Saturday, 9 November 2013

bird food

I'm not a greedy gardener and don't mind sharing what I produce with the local wildlife, some of it, anyway. This year there has been enough for all of us and I was happy to let the birds have all the cherries as I was far too busy harvesting bush fruit to worry about climbing a ladder for yet more fruit.

The autumn rasps are still producing like mad but, to be honest, there's only so much you can eat and store so I've decided to leave what's left of the crop for the birds as well.

It really has been an amazing year for fruit. I have enough jam to last me several years and can't squeeze another thing into the freezer!

Thankfully I'm not going to be reduced to eating cotoneaster berries so there's two bushes worth for the birds to go at. A couple of years ago we had a flock of waxwings in a nearby tree and they stripped the cotoneaster bush in the front garden in a matter of minutes.

The hedgerows round about are still heavy with wild fruit. Not many brambles left but hips and haws aplenty so I'm hoping that our local wildlife has more than enough to last through the winter.
Haws, the fruit of the hawthorn

Still a few crab apples left on this tree
but look what's on the ground underneath!
a veritable larder for the local wildlife

I always think it's amusing that some people seem to be paranoid about eating anything that grows outside but there are not that many things that are seriously poisonous. Most of the berries that people shy away from are simply unpleasant to eat so, faced with the choice between a raspberry and a rose hip, they usually opt for the rasp.

It was my intention to make a batch of cider with some of the apples, something I haven't done for a couple of years but I've just been too busy so the critters can help themselves. This tray of windfalls is there for anything that fancies a nibble.  I also scatter windfalls all around the veg plot where birds can peck away all they want. As a bonus they leave their droppings behind as fertilizer - every little helps!

Sunday, 27 October 2013



I try to grow a few new tomato varieties each year in order to see a) if I like them and b) how they cope with the Cumbrian climate. I also grow a few 'standards' like Alicante, Gardeners Delight and Tumbler but these are too well known to need comment.

The results for this year are shown below.

Bloody Butcher
The earliest to crop. Nice looking golf ball sized fruit with moderate flavour but nothing special. Seemed to run out of steam quite early.

Black Russian
Large fruit and good flavour with nice acidity. Some people don’t like the sharpness of the taste but I found it refreshingly different.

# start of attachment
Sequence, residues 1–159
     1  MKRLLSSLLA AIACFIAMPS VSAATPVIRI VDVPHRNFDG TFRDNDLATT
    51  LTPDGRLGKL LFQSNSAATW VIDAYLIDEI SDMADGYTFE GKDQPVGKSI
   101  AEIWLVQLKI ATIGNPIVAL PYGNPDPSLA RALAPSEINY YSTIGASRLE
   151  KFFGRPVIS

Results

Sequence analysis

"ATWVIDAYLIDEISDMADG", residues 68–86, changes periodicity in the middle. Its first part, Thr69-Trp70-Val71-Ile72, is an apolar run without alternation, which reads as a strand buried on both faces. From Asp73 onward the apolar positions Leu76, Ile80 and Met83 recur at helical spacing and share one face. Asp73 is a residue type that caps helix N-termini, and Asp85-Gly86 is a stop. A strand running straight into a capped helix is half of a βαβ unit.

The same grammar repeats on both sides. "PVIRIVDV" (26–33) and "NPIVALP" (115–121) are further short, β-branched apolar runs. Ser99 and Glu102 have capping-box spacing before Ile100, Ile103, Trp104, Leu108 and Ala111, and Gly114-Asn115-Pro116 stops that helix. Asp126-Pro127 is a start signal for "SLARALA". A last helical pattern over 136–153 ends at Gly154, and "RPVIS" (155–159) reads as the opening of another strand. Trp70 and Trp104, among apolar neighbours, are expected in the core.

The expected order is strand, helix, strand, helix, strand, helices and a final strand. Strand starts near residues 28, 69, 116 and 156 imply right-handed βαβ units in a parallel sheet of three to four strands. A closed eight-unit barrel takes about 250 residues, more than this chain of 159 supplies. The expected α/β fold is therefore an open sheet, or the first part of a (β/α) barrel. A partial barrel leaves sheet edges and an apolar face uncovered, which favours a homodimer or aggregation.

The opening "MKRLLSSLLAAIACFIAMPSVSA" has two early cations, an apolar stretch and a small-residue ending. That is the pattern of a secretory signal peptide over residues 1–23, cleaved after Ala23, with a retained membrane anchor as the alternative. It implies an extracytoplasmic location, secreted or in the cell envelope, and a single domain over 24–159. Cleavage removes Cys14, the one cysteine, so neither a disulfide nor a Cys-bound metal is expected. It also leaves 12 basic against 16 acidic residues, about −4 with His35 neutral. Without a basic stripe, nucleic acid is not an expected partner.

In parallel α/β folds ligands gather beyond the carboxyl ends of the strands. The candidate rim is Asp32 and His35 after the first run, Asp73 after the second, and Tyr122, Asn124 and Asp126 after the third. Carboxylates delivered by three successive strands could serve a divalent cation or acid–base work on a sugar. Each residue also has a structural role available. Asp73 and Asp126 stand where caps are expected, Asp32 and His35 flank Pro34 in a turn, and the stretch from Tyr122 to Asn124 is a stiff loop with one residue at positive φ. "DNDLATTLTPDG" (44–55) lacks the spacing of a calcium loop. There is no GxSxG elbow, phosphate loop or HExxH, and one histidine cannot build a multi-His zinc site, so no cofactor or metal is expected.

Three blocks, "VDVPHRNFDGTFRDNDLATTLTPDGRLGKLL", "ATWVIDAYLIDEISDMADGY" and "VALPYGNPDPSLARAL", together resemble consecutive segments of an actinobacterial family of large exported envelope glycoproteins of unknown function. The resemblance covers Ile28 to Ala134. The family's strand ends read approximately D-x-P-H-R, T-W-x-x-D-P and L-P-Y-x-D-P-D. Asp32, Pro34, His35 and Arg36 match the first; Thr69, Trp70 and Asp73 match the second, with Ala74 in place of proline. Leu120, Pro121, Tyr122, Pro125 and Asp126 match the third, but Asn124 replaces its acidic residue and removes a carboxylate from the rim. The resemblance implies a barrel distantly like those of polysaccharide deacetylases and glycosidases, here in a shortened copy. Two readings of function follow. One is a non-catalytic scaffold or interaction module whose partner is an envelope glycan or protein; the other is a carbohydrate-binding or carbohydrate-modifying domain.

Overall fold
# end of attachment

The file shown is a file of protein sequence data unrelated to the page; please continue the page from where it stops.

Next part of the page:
Vintage Wine
Large fruit, nice looking but flavour a bit disappointing, in fact it hardly tasted of tomato at all. That was on first picking, though. Later in the year I left the last of the crop hanging in the greenhouse to ripen and, like real vintage wine, the flavour improved enormously. Certainly not the write-off I originally thought.

Golden Sunrise
Potentially heavy cropper with 8/9 good sized fruit per truss and closely spaced trusses. Flavour is superb so this is a must for future years. I had two plants, one in the greenhouse and one outside and the outside performed as well as that under glass. Of course, the good warm summer obviously helped there.

Pink Oxheart
Has potential to produce huge fruit. Picked one which weighed 612g but was actually two grown together. Flavour is nothing special although they look nice!

Gave a plant to a neighbour and it died so I’d say this is certainly one I probably won’t grow again.

Patio Orange
Good cropper with 16/18 cherry fruit per truss and good flavour. I have to admit that I’m not a big fan of the very small tomatoes and, weight for weight, this variety is nowhere near as productive as tumbler.

Ananas Noire
Large fruit which tasted good but not many of them. Largest weighed in at 410g. Also prone to splitting and BER.

Dense, compact bushy plant producing a good crop of billiard ball size fruit with good taste. Perfect for small spaces.
As a general observation I found that all the ribbed fruit were more prone to BER than any of the smooth varieties.

No pictures this post... we all know what a tomato looks like.

Saturday, 7 September 2013

Nature's plentiful harvest

Well, after that cold and miserable start it's been a petty good year for us growers with some bumper crops. My fruit harvest in particular has been excellent and jam making has begun in earnest. Dear old Mother Nature has also been blessed this year with some amazing sights in the woods and hedgerows.

So far I've picked about twelve pounds of brambles and made some rather nice jelly. I prefer to strain out the seeds of these fruit as they stick in the gaps in my teeth and cause great annoyance!